No Regrets – 10 Ways to Make Time for Your Children

September 19, 2014 under Syllabus 2014-2015

Summary

Live every day if it were your last! How do you as a Father balance your faith, family and work in this hurried world, every day? Learn how Father’s just like you are living a daily life of no regrets: making more memories with their family, deepening their faith and coming home from work on time!

Objective

Help the Fathers to understand “How to Live a life of no regrets with your family” by learning how to spend more time with their children and family. It is suggested for the presenting small group, to focus the larger group time by sharing your team’s personal “live a life of no regrets” experiences/examples on how you each have made a “step change” in your life to spend more time with family and your children.

Bible Readings

1. Psalm 112

“His children will be mighty in the land”

2. Romans 8:28

“We know that all things work for good for those who love God, who are called according to his purpose.”

Catechism Readings

1. Paragraph 2223

“Parents have the first responsibility for the education of their children. They bear witness to this responsibility first by creating a home where tenderness, forgiveness, respect, fidelity, and disinterested service are the rule. The home is well suited for education in the virtues. This requires an apprenticeship in self-denial, sound judgment, and self-mastery – the preconditions of all true freedom. Parents should teach their children to subordinate the “material and instinctual dimensions to interior and spiritual ones.” Parents have a grave responsibility to give good example to their children. By knowing how to acknowledge their own failings to their children, parents will be better able to guide and correct them.”

Small Group Questions

1. Do you regularly come home on time from work to your family and children?

2. Are your children’s birthdays, recitals, soccer games, plays, etc. on your work calendar?

3. Do you schedule breakfast dates with your daughter/son?

Recommended Resources

1. Robert Rogers – http://www.mightyintheland.com

2. Mary Beth Bonacci – Catholic Herald – Living Life with “no regrets” http://www.catholicherald.com/stories/Living-with-no-regrets,12859?content_source=&category_id=13&search_filter=&event_mode=&event_ts_from=&list_type=&order_by=&order_sort=&content_class=&sub_type=stories&town_id=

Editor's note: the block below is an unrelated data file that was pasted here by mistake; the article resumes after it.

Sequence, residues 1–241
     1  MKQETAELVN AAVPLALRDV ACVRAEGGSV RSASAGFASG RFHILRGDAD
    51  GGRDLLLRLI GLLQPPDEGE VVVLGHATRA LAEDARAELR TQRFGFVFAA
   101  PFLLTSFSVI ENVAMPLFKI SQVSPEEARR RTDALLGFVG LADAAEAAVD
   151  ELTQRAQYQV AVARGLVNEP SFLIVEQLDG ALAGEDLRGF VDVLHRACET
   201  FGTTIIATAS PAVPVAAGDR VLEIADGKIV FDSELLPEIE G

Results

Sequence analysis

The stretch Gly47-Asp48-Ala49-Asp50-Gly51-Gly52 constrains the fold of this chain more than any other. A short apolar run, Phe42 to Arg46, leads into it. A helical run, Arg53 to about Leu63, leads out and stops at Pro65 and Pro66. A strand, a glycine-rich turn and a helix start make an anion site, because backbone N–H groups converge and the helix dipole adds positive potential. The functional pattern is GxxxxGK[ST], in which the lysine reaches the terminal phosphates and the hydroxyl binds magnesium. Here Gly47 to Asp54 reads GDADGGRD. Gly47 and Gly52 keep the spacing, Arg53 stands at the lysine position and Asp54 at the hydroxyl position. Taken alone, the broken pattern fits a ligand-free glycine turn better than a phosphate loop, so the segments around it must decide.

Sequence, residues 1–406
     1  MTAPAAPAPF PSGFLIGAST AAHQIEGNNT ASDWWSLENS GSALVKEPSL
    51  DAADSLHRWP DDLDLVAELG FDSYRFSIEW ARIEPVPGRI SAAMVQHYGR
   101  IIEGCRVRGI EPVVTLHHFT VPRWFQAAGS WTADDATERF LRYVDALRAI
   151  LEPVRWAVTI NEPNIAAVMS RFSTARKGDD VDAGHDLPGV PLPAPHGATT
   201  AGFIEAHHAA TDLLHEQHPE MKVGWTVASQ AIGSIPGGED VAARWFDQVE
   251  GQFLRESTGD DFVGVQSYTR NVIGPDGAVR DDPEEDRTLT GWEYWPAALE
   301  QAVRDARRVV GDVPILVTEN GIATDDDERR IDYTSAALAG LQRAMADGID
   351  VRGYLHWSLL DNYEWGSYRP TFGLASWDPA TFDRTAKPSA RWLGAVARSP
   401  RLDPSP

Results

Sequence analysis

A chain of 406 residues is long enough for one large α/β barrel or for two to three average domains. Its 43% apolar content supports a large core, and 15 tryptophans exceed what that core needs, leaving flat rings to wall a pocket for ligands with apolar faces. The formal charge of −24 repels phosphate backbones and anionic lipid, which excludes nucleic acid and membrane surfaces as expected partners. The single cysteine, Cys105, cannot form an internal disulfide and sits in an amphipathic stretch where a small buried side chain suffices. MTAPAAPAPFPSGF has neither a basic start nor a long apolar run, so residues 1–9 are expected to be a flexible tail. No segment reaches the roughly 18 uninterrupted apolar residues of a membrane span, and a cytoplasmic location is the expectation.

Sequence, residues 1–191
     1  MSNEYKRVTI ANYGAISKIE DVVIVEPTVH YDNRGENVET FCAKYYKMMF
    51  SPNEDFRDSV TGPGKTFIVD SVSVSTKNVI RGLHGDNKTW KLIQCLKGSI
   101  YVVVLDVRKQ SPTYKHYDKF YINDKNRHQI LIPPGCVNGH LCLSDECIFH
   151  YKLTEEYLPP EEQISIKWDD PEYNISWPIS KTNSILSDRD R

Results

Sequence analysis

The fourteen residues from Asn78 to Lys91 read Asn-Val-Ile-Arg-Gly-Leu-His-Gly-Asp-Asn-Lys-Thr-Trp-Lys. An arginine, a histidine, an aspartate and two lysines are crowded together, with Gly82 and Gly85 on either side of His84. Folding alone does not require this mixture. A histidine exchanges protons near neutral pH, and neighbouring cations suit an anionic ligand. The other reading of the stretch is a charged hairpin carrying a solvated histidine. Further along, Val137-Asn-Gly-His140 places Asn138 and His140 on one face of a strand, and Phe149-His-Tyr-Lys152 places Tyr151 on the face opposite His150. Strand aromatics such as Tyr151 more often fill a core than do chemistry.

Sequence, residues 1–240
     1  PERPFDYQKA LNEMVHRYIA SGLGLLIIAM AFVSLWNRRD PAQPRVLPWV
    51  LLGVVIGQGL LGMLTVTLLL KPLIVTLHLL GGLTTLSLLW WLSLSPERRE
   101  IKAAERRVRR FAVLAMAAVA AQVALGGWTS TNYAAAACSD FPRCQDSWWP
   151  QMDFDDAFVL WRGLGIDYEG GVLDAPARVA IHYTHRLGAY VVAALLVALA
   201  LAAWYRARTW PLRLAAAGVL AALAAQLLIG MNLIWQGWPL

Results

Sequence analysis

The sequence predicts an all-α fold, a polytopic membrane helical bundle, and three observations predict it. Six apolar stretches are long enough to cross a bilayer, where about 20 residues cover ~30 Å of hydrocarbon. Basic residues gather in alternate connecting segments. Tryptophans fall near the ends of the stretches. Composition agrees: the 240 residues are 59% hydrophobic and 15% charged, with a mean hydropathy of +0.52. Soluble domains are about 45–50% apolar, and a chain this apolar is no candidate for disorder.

Accountability

1. This week would be a good time to define “what is quality time with your family?”

2. Have you allowed any person or circumstance at work to rob you of your joy? Why?

3. Have you done your 100% best with your family, faith and job this week?

Author(s)

Reid Rooney / Kevin McDonough

Included Resources

Robert Rogers: 10 ways to live a life with no regrets with your family.

1. Sign-up for some organized activity together-chess club, a sports league, church groups, and so on as your free time activity that way, you can use the structure of the activity to help you spend time with your child.

2. Put birthdays, a recital, soccer games, plays, etc. on your work calendar. Tell co-workers that you wouldn’t miss those events for the world, and ask them to help remind you.

3. Create regular rituals to connect with your kids with phone calls from the office, special “daddy” time when you walk in the door, or other weekly events that keep you in touch.

4. Discuss your priorities with your boss. Be candid with him or her about times when you need to flex your schedule for family events. Make it clear that you are dedicated to doing your best at work, but that family is also very important to you. Suggest your own “win-win” solutions or ask for his ideas to help reach a workable balance.

5. Create a “Next Year’s Vacation” planning session with your children by having them share with your pictures/places of where they want to go and how they want to spend time with Dad on vacation!

6. Create a family devotional time. This is a time set aside during a time where all members of the family are required to be there. Then you as a father take the lead in sharing important things with your family. Read passages in Holy Scripture and pray together; share thoughts on certain historical events (Memorial Day) and what they should mean to us; talk about current events; peer pressure the kids are facing or how to look forward to an uncertain future with confidence.

7. As the Father, make the weekend Saturday or Sunday breakfast and have your kids help out as appropriate. Talk as you all prepare the meal about what was their “favorite thing” that happened in their life during the week.

8. Car Time. When traveling to the next sporting or activity event, instead of listening to the radio, try spending time with your kids by discussing with them: 1) What was the best part of today?; 2) What was your favorite thing that happened to you this week; 3) Tell me about something really cool that you saw today/this week?

9. Have a Breakfast time with Daddy with your children individually. No agenda’s just go out to breakfast and spend time with your child 1 on 1. Do you know their favorite song, favorite teacher, who they think is the coolest kid @ school, who are the coolest parents, etc?